Action Tank, a non-profit group, founded and based in Philadelphia, PA honored with the 2018 SXSW Community Service Awards. The group is comprised of veterans focused on continuing service to their community after their service in uniform.
AUSTIN, TX (March 12, 2018) -- In the annual famous gathering of techies, producers creators and artists, known as South by Southwest, aka SXSW, a small group of Veterans from Philadelphia were recognized on the national stage in Austin, TX. Action Tank, was picked to receive the 2018 SXSW Community Service Awards for their work they’ve done to start, grow and run a non-profit focused on making an impact in their community. The awards ceremony brought together 6 individuals from 6 organizations around the country to honor them for their work in doing good for their respective causes.
They were all presented with a financial grants to help fund their work for the next year.
Chris Diaz, the organization’s executive director and co-founder was joined by their policy director, Matt Miclette. Chris, a Navy Veteran and Pat Tillman scholar currently pursuing his PhD at Drexel University in clinical psychology said, “it’s surreal to be here, in Austin, TX, recognized for the work we’ve done as a collective group over the last year. Part of me is honored to be here and to help spread the word that Veterans want to continue to serve and be an integral part of our community, even after wearing the uniform. Part of me is also humbled because we [Action Tank] believe there is still so much work to be done.”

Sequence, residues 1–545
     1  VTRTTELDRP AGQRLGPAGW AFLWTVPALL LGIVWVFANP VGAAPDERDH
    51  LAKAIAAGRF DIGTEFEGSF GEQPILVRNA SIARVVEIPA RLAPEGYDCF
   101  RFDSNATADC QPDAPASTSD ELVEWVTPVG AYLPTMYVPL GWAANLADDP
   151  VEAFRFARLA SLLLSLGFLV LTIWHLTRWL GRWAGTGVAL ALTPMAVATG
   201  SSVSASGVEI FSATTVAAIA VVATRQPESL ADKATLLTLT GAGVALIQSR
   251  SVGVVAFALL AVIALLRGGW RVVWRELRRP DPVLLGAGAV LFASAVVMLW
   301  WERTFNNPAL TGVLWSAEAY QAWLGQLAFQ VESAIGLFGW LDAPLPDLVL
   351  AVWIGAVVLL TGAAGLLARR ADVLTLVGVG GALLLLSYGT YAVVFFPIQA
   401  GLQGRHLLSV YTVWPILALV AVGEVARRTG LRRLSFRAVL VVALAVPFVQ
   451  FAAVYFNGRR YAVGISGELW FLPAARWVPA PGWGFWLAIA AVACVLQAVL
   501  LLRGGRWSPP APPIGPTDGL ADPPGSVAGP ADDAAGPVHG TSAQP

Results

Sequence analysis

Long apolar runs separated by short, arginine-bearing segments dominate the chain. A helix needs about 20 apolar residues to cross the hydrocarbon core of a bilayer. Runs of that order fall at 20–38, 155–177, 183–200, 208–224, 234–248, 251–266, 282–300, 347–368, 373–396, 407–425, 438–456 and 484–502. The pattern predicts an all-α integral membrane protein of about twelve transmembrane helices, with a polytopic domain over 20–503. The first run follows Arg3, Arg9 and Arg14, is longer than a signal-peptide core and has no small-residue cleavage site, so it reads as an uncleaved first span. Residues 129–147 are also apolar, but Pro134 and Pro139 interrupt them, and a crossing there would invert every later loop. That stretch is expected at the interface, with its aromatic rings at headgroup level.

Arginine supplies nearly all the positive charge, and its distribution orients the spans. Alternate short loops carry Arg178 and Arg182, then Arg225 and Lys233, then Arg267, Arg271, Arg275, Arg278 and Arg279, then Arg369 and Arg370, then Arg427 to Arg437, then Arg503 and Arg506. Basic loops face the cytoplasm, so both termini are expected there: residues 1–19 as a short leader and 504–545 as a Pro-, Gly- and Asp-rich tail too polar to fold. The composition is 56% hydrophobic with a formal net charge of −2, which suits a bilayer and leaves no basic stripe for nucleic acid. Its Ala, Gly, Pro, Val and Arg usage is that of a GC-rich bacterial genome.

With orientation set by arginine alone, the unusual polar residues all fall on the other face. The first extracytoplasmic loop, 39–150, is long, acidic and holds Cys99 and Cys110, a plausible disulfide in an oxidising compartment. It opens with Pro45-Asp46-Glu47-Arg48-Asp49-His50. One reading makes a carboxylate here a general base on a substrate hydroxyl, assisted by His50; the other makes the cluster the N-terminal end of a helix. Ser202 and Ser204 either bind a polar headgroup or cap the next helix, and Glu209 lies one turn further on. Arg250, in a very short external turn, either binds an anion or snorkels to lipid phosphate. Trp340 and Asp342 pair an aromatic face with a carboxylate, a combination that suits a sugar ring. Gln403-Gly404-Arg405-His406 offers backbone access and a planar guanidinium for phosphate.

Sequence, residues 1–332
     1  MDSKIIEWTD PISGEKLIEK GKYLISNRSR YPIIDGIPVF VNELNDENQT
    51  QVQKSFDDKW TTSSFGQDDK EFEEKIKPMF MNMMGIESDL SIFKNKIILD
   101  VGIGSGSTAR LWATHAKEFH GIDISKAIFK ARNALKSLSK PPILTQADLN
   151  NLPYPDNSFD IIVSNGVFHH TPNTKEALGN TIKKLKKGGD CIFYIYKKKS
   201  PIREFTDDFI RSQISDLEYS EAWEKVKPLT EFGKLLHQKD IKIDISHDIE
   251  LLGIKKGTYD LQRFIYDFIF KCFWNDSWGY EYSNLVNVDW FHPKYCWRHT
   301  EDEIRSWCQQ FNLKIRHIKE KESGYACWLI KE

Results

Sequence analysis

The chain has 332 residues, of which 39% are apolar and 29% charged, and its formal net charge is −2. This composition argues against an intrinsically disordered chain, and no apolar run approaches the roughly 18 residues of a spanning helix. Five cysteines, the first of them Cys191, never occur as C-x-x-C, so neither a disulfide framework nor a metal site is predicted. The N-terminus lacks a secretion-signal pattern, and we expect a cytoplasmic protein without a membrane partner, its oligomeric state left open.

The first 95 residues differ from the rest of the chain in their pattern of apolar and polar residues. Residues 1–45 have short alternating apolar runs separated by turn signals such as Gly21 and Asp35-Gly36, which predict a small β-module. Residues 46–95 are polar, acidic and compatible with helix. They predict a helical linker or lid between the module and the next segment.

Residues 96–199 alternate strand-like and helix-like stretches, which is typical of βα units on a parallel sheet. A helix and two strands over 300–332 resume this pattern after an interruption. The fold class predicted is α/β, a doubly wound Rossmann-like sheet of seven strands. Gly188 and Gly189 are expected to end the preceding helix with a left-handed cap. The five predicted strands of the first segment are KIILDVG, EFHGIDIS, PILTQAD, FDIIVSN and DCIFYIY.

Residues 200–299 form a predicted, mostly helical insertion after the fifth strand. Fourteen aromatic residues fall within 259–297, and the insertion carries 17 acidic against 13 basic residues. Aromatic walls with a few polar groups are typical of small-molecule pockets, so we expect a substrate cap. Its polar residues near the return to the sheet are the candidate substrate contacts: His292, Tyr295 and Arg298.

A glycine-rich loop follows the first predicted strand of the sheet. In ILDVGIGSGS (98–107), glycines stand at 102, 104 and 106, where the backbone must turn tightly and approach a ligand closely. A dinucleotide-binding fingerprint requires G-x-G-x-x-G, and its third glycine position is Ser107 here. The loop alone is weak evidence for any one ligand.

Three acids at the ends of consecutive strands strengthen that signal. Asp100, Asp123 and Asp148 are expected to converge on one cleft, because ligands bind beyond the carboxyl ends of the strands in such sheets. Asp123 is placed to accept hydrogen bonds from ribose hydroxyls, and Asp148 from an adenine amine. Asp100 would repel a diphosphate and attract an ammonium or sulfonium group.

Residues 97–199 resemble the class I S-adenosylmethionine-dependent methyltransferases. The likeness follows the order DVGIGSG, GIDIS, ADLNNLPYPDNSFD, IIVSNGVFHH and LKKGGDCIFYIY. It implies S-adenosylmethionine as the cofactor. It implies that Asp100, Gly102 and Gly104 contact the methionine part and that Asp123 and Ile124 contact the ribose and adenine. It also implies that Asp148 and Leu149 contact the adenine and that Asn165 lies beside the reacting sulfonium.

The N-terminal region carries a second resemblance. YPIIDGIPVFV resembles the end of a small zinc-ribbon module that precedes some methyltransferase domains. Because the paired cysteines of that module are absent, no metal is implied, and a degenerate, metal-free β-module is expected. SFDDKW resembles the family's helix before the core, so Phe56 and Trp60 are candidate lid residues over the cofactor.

Action Tank was formed when like-minded Veterans from Philadelphia gathered for a meal on Veterans Day in 2016. They wanted to give back, but they were not quite sure how to do so.
Philadelphia, unfortunately, has been heavily impacted by the Nation’s opioid crisis, and so, for 2017, the group set their eyes on helping to support their community and those that dedicate their daily lives to that issue.
Their intent is that every year they will focus on a new issue in their community. 2017 was the opioid crisis - volunteering at drug and addiction clinics, cleaning up needles in parks and introducing policy and legislation that will reduce overdoses and ultimately save lives.
In 2018, the group is focused on food safety and insecurity, and currently working to form relationships with key partners in the area who needs support and can help educate the rest of the community on the issue.
Diaz explained further that “we each served our country because we felt a calling. Now that we’re Veterans and living in our community, that calling hasn’t subsided, and this is our way to continue to serve. We hope that we can inspire other Veterans in their communities to do the same, and even reach out, to collaborate and open their own ‘Action Tank’ chapters around the country.”